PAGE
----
**Edit 11/2/2020 : changed the reasoning for multiplying by the constant 8
**Edit 11/3/2020 : used 1A instead of 2A for safety purposes
Yesterday, I spent some time working on my senior design project (don’t worry, I still made time to have fun during Halloween hehehe).
I decided to focus on the NEMA 17 stepper motor. Like all the projects I’ve worked, the first thing I do is go to Google and see if anyone else has already done what I’m trying to do.
And there is! I’ve been running back and forth between these tutorials (link and link).
The first thing I had to do was get some kind of motor driver (so as to not destroy the motor with too much current), so we settled on an A4988 stepper motor driver (link).
For some reason, putting in the A4988 stepper motor driver into the breadboard was tough. I figured I could “loosen up” the breadboard spaces by shoving wires in and out of it. It seemed to work because the motor driver finally went in.
However, taking it out was a struggle. I ended up bending some pins in the process 😦
Good thing we bought a pack of 5 for the A4988 stepper motor driver. I got a second one out, but I think I ruined it by overturning the potentiometer (lesson learned = don’t overturn potentiometer).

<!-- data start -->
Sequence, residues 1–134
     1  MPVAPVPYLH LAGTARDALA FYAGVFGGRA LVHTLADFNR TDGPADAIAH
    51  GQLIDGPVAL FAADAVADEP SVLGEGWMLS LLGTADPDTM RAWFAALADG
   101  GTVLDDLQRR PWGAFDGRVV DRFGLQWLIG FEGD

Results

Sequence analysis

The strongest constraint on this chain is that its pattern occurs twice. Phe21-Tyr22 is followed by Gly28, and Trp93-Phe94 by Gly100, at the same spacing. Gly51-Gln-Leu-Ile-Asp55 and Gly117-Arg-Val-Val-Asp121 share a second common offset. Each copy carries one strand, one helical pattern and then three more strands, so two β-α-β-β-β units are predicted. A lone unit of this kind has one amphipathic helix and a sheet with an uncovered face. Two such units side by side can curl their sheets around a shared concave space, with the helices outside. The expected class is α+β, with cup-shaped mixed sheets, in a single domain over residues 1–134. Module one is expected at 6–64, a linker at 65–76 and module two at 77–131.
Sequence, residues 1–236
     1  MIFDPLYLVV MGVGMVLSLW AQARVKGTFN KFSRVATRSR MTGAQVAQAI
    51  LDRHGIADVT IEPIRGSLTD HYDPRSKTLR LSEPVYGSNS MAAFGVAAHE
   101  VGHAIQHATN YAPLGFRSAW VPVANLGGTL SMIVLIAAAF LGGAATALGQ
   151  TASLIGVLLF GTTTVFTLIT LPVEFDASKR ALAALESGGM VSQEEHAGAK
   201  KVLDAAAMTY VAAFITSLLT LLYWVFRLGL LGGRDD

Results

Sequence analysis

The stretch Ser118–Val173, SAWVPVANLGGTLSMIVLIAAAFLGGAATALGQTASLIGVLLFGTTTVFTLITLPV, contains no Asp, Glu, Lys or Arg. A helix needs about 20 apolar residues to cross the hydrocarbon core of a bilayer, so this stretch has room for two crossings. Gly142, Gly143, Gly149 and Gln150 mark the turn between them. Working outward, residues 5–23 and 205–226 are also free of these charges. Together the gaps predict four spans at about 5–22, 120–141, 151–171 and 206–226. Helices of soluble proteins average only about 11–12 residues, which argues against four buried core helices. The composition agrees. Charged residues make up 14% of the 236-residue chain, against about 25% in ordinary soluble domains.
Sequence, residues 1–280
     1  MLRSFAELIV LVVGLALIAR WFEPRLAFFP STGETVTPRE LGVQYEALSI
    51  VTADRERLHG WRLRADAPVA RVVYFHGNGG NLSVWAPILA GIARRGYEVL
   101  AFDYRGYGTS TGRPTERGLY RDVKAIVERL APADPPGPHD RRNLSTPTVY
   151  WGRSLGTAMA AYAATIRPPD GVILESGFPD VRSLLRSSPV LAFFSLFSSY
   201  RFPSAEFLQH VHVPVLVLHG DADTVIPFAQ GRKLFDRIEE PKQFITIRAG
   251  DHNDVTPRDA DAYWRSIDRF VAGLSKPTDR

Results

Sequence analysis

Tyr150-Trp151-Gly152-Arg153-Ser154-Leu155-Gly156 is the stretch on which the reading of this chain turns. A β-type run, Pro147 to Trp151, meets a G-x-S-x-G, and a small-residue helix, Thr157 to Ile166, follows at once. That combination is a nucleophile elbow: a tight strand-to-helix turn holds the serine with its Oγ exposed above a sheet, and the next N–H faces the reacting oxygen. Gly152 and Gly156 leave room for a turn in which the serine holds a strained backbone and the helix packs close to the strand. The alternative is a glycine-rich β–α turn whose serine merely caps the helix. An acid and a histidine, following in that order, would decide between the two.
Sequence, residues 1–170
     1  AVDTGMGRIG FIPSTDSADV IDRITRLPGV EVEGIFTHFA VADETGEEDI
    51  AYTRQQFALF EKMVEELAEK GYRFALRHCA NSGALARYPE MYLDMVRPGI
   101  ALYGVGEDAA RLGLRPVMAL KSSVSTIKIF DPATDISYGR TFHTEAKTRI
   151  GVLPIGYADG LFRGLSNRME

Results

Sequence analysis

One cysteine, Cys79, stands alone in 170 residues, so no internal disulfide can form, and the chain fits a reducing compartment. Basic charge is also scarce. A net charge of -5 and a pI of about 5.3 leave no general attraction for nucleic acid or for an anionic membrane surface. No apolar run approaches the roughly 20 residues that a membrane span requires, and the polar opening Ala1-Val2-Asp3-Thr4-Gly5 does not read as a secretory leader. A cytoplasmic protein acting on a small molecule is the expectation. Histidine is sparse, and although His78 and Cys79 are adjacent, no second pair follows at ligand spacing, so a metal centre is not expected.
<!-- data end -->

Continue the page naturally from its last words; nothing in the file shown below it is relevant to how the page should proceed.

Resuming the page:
But things got better with the third one. Here’s how I hooked up my stuff to test the current limit of the board:
Oh fyi, I followed this video to get that setup (link). To simultaneously measure and adjust the voltage, I connected the ground of the multimeter to the ground of the Arduino Uno and I connected the other lead to a small screwdriver which will touch the potentiometer:
…and third times the charm! I was able to adjust the voltage, and in turn, adjust the amount of current I need.
Speaking of current, I needed to calculate how much voltage my NEMA 17 stepper motor needed. So Ohm’s Law is V = I * R. Here’s the fancy version:
V_ref = I_motor * R_board * 8
- V_ref = the reference voltage that I need to drive the stepper motor
- I_motor = 1A (
according to the specs on my motoralthough my motor is rated for 2A max, I’m going to play it safe and use 1A)
- R_board = 50 mΩ (I couldn’t find the exact specs for my board. So I’m using this value from the “Current limit formula” section of this site, and because my board is kind of old )
- 8 =
because there are 8 resistors on the stepper motor boardbecause the formula says so lol, and there’s stuff in the datasheet about taking 1/8 of the reference voltage so I guess multiplying by 8 gets the reference voltage
V_ref = I_motor * R_board * 8 = 1A * 50 mΩ * 8 = 0.4 V
I need to get the stepper motor moving!